What kinds of trademarks can and can’t be registered?

 

The main requirement is that your trademark must be unique and original and it must distinguish you from your competitors. A word, phrase, symbol, logotype and/or combination of these are acceptable while creating a trademark. In some jurisdictions (e.g. the European Union) the list may also include sounds, colors, patterns, holograms, motions multimedia and other categories of marks that can be registered and protected.

Your trademark can’t be offensive, describe or be over suggestive to the goods or services it will relate to, be misleading, be too common or non-distinctive, look too similar to state flags, hallmarks, and other similar symbols. In some countries, a word trademark will also have to comply with official language requirements and may not be protected where used as a slang etc.

A trademark must be distinctive. The distinctiveness of a trademark means that the sign serves to identify the product and/or services in respect of which registration is applied for as originating from a particular undertaking, and thus to distinguish that product from those of other undertakings. The distinctiveness can be assessed only by reference first to the goods or services in respect of which registration is sought. That is why, a word “Apple” is distinctive for such goods as computers, but it would not be distinctive, for such goods as fruits.

Words are non-distinctive and cannot be registered as trademarks if they are so frequently used that they have lost any capacity to distinguish goods or services. For example, such single words like: MEDI as referring to ‘medical’, MULTI as referring to ‘much, many, more than one’, UNIVERSAL as referring to goods that are ‘fit for general or universal use’, does not have distinctiveness and cannot apply as a mark.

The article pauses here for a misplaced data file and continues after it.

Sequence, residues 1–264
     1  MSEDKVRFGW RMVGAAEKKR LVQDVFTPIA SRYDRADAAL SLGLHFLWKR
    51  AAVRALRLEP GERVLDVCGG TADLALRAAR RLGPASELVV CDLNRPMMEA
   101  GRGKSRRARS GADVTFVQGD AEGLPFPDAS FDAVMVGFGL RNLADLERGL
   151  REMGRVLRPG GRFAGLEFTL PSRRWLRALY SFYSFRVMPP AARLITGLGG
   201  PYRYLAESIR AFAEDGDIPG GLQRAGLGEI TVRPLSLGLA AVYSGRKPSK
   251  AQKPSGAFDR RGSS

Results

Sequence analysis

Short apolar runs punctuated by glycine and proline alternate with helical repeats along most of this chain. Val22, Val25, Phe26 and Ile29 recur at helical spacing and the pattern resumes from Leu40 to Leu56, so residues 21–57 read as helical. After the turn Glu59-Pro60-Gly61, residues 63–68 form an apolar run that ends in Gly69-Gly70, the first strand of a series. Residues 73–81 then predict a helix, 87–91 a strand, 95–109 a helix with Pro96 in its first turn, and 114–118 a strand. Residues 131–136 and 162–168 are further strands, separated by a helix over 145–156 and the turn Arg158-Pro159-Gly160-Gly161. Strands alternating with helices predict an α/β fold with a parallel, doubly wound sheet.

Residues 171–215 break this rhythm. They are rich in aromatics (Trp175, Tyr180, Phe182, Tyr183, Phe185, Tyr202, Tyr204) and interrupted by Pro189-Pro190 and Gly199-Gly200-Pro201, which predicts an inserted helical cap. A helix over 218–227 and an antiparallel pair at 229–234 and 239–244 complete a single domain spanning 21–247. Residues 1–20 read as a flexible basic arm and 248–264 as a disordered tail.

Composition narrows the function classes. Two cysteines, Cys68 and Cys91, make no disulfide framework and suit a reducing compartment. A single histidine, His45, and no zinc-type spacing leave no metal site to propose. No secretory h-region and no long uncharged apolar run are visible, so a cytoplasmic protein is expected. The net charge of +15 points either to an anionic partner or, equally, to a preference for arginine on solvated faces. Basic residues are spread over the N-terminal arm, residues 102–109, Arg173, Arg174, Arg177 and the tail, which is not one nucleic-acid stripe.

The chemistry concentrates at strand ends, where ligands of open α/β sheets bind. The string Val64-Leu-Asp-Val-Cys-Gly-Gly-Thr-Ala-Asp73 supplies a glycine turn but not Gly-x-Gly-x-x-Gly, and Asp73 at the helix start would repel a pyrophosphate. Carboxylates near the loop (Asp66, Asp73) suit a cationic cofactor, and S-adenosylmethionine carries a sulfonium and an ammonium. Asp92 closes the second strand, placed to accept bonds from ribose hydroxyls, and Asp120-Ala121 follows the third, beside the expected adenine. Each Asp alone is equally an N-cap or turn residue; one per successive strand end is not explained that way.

Also, it cannot be descriptive. A sign must be refused as descriptive if it has a meaning which is immediately perceived by the relevant public as providing information about the goods and services applied for. This is the case where the sign provides information about, among other things, the quantity, quality, characteristics, purpose, kind and/or size of the goods or services. The relationship between the term and the goods and services must be sufficiently direct and specific. In the European Union, a trademark is descriptive if it is descriptive in any of the official languages of the European Union, regardless of the size or population of the respective country.

The following signs we found to be descriptive: ‘bank’ for financial services, 24/7 for services; ‘2000’, which refers to the size of the motor or ‘75’, which refers to the horse power (kW) of the motor.

A new registered mark should not be confused with earlier marks. Marks are always compared visually, aurally and conceptually. If the comparison is positive, there is a similarity between the signs. If the goods and services of both marks are also same or similar, there is a likelihood of confusion for the relevant consumer, and the registration of the later mark will be rejected. Examples of marks that are identical or highly similar: IDRIVE and iDrive (case T-105/14); HERBO FARMA and HERBOFARM (case R 1752/2010- 1); BABIDU and babilu (case T-66/11).

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